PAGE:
Pat Robertson leaves the long-running 700 Club as host

After half-century of running the "700 Club" daily TV station in Virginia, Pat Robertson is retiring, the Christian Broadcasting Network announced Friday.

Pat Robertson leaves the long-running 700 Club as host

Robertson, 91, stated in a statement that Friday was his last broadcast of the network's flagship program. His son Gordon Robertson will host the weekday show beginning Monday.

Robertson announced that he will not be hosting the "700 Club" show. However, he said that he would return to the show from time-to-time if he has a "revelation". "I am grateful to God for all those who have been involved. "I want to thank you all."

Robertson's Christian Broadcasting Network began airing in October 1961, after he purchased a failing UHF television station from Portsmouth, Virginia. In 1966, the "700 Club" was launched.

CBN is based in Virginia Beach and claims its reach extends to over 100 countries and territories through television and video evangelism as well as online ministry and prayer centres. You can watch the "700 Club" talkshow in all major U.S. TV markets.

John C. Green, an emeritus professor of political science at The University of Akron, said that "Pat Robertson had a tremendous impact on both American faith and American politics."

Robertson's "700 Club" innovation was to use the secular talk-show format. This was a break with more traditional broadcasts of church services or revival meetings.

Green stated, "Here's an educated person having sophisticated conversation with a wide range of guests on many topics." It was with a religious inflection, to be certain. It was a way that addressed everyday problems.

Robertson attracted large audiences and was later invited by several U.S. presidents, including Ronald Reagan, Jimmy Carter and Donald Trump, according to the network.

Robertson, the son of a U.S. senator, received a Yale law degree. Robertson ran for president in 1988. He also founded the Christian Coalition which galvanized evangelicals to become a conservative political force.

Green stated that "He opened up the path that many people have followed." Surveys have shown that many people watch religious broadcasting in any format these days. In politics, however, I believe he helped to cement the alliance between conservative Christians & the Republican Party.

Robertson was sometimes in trouble for his comments on air as "700 Club" host. He called for the assassination Venezuelan President Hugo Chavez in 2005 and warned Pennsylvanians not to be surprised if disaster strikes them. This was after they elected school board members who supported teaching "intelligent designs."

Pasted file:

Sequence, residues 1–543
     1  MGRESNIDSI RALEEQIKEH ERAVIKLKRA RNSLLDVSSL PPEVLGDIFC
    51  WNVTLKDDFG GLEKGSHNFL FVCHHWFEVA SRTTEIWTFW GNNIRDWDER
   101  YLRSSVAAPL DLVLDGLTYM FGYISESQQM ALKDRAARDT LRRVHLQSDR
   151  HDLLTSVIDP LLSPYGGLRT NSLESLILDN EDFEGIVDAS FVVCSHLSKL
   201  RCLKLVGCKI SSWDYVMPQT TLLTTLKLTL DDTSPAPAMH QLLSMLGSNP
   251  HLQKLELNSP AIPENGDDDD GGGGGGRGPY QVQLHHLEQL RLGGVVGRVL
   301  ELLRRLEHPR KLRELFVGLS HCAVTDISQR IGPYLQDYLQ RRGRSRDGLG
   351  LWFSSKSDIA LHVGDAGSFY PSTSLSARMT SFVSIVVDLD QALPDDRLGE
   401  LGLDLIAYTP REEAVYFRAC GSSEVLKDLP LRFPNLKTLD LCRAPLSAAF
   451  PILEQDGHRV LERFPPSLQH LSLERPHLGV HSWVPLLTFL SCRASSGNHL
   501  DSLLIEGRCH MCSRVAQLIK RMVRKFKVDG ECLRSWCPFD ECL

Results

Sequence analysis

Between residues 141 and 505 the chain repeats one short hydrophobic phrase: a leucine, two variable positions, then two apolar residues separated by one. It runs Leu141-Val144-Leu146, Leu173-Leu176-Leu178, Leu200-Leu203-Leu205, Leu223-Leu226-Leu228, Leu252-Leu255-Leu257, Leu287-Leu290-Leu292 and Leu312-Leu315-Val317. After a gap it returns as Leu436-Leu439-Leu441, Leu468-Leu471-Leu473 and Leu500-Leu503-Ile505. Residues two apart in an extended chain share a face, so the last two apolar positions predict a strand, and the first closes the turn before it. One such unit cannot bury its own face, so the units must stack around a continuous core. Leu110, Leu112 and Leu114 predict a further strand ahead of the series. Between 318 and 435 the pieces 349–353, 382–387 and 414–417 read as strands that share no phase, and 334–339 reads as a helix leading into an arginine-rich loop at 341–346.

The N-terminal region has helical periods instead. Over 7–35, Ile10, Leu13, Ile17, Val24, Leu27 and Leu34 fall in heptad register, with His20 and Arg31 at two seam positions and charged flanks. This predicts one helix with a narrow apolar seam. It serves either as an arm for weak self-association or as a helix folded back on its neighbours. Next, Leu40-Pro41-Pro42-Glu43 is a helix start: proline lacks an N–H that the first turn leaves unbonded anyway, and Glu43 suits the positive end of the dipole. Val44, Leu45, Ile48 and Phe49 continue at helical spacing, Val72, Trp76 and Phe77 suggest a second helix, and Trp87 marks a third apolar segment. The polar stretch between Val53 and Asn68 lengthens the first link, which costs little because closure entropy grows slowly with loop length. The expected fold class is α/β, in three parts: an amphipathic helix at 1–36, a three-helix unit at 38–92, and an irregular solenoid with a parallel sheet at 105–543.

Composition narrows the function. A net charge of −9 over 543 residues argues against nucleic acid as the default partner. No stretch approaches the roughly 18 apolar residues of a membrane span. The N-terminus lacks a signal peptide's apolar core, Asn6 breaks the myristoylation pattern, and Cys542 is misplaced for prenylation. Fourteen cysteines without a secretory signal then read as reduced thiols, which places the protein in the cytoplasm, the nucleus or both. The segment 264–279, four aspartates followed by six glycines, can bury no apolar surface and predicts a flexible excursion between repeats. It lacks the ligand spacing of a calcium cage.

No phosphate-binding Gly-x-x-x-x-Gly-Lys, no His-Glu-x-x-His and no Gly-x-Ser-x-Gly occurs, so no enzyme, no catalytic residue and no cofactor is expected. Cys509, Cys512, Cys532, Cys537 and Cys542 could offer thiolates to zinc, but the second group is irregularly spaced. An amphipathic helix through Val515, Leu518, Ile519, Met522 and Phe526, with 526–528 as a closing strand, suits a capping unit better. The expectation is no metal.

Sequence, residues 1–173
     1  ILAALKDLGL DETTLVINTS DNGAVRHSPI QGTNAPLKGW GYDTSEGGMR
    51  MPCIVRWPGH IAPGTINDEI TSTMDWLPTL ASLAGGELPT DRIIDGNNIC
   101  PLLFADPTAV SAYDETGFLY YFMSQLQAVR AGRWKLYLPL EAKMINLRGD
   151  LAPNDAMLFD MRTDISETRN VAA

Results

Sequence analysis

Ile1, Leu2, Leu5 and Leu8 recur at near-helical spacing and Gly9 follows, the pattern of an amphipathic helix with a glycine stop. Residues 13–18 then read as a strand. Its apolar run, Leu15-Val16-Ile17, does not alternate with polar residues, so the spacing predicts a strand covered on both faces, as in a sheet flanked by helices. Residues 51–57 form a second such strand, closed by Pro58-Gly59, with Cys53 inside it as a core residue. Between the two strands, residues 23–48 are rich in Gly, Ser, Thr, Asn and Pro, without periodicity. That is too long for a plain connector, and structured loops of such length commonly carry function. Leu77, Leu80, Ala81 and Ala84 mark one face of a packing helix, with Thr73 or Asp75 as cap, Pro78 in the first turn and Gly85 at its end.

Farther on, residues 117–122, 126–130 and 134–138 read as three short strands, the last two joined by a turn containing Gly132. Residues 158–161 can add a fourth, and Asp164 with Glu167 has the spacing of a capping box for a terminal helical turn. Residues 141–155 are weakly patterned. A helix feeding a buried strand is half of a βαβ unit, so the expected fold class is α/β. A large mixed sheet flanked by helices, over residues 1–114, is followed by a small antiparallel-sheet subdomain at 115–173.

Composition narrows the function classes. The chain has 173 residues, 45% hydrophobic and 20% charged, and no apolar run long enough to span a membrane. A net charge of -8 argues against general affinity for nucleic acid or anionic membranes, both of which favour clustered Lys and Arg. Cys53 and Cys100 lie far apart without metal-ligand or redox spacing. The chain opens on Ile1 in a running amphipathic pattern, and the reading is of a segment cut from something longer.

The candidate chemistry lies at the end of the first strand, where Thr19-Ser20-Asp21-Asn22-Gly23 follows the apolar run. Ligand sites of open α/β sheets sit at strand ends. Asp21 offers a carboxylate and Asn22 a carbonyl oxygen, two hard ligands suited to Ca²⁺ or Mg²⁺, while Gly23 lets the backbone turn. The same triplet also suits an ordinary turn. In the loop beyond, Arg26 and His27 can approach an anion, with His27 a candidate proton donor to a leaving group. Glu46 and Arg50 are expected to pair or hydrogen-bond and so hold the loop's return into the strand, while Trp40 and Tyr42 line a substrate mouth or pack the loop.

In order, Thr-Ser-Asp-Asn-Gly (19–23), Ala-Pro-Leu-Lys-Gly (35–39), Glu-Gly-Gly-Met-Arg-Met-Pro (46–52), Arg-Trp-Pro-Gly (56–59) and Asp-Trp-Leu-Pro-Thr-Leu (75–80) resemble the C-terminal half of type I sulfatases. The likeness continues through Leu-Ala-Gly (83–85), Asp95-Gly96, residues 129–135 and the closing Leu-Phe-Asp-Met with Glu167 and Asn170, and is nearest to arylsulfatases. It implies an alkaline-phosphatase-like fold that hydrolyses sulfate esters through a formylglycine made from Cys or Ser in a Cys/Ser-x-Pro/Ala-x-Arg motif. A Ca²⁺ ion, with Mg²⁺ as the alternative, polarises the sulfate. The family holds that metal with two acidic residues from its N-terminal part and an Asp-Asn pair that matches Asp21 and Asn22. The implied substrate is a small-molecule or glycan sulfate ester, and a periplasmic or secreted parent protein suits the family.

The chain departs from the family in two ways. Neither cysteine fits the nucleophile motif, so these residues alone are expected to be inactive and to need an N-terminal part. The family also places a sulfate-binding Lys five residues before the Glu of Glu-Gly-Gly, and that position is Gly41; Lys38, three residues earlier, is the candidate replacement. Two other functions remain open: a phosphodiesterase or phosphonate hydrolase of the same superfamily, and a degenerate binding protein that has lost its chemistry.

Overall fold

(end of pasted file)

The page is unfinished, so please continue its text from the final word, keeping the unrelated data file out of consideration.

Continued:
Robertson also called to end mandatory prison sentences for marijuana possession convictions. Robertson later stated on "The 700 Club", that marijuana should be legalized, and that it should be treated as alcohol because the government's war against drugs has failed.

Robertson stated that Trump was in an "alternate reality" after he lost to Joe Biden in 2020. News outlets reported that he should "move forward".

Robertson will continue to appear on The 700 Club's interactive, monthly episode. He will also be on the show "occasionally as necessary," according to the network.

Gordon Robertson (63), a Yale-educated ex-real estate lawyer, is not as well-known as his father. CBN's chief executive officer, he has been the executive producer of "700 Club" for over 20 years and as a cohost even longer. He hosts the show "700 Club Interactive".

According to him, viewers can expect little to no changes to the show's content on Friday. It airs live every day from 9 a.m. to 10. 00 a.m. weekdays.

Robertson, the younger, said that he would love to host politicians from both parties while also focusing on news from a Christian perspective.

He stated that he wanted the show to be "a beacon for light about what happens when people come together and say, "Let's do some kind in the world today."

He continued, "Let's help the hungry." Let's clothe those who are naked. Let's provide shelter for those in need. Let's show compassion and love when disasters happen.

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